Process
Basic steps of lean management

Specify value
Value is defined by the customers and is only applicable when it is expressed in terms of specific product i.e. A product that a customer need at specific time and at specific selling price.

Identify value stream


Value stream -The value stream is all the steps that are required to bring specific product from raw material to final good.
Basic action in identify value stream i. Steps that create value ii. Steps that create no value but they are unavoidable iii. Steps that create no value and they are avoidable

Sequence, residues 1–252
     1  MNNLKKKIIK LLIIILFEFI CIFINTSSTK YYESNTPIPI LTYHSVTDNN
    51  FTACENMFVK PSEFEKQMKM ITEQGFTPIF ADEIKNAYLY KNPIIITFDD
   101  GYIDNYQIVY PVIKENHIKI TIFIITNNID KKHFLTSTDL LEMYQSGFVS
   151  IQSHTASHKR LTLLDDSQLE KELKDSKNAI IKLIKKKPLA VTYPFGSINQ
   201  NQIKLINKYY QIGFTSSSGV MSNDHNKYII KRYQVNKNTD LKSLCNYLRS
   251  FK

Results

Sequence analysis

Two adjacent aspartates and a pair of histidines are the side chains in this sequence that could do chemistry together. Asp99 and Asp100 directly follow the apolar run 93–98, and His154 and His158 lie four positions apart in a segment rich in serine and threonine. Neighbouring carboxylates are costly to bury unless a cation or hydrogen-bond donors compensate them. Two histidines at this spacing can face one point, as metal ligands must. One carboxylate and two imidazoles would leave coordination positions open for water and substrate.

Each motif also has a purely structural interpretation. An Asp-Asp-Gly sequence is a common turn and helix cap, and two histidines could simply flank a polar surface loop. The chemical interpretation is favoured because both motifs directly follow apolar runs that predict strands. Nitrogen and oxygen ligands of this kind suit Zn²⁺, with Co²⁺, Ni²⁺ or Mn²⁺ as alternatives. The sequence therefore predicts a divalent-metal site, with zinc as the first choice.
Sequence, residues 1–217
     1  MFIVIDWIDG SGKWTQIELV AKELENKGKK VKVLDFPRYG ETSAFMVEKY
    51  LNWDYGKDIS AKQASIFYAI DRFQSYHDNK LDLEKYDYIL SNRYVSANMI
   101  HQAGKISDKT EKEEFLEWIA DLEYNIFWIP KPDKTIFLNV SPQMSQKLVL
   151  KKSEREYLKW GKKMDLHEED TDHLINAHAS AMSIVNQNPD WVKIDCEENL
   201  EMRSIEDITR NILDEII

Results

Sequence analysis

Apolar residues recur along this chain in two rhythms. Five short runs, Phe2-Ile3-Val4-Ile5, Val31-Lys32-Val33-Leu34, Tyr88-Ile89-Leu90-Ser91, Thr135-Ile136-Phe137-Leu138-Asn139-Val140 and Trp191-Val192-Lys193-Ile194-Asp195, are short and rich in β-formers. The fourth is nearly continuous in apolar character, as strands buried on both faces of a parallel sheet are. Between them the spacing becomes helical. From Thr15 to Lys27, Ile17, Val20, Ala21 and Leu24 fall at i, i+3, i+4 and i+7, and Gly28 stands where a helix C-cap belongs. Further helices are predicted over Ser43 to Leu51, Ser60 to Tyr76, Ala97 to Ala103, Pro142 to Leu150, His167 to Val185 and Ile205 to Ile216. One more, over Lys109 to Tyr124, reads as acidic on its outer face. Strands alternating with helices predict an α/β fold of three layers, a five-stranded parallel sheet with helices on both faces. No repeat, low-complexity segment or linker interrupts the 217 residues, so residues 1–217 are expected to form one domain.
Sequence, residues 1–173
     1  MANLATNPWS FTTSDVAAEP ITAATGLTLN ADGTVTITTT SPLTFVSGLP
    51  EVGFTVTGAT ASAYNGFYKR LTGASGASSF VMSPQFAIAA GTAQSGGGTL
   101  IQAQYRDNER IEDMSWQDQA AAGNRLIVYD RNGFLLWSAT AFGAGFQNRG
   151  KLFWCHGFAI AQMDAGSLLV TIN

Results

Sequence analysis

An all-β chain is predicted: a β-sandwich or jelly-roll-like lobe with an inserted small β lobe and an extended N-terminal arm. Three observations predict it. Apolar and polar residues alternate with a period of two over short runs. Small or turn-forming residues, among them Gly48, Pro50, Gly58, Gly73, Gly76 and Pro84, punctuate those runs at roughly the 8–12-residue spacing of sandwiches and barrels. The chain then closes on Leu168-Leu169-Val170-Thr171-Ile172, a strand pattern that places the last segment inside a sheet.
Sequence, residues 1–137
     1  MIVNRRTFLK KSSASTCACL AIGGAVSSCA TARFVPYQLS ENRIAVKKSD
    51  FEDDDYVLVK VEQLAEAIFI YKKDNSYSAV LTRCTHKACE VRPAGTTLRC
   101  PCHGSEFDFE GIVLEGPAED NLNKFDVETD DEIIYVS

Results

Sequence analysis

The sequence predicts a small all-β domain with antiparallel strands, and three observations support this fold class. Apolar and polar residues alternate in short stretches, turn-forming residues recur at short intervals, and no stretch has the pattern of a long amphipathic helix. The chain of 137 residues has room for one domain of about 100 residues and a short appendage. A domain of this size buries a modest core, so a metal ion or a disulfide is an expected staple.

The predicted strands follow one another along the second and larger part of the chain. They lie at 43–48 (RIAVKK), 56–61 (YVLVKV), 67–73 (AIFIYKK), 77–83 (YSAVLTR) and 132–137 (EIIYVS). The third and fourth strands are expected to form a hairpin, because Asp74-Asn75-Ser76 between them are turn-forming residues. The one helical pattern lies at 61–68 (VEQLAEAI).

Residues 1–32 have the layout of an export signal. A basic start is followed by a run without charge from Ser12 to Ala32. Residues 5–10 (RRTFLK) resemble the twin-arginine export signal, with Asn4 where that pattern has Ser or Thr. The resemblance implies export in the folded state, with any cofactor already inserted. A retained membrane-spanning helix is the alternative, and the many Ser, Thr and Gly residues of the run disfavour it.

Make value flow


The value flow is a flow of raw material through a dedicated arrangement of value stream so that continuous production of a product may result in less cost, decrease delivery time and other benefits.

Let the customer pull value


Here customer pull the desired product from the producer on time Value stream and pull are complementary to each other. The implementation of value stream automatically reduces the product lead time, and this enables the producer to provide the product on time.

Pursue perfection
Perfection is defined as achieving all the required system performance measures at the highest levels.
Here perfection means achieving all the goals of lean i.e. Q.C.D.S.M

Components of lean manufacturing.


Standardized production
Kaizen Just in time

Design for manufacturing


Poka yoke Cellular manufacturing Single minute exchange die Flexible work force

Standardized production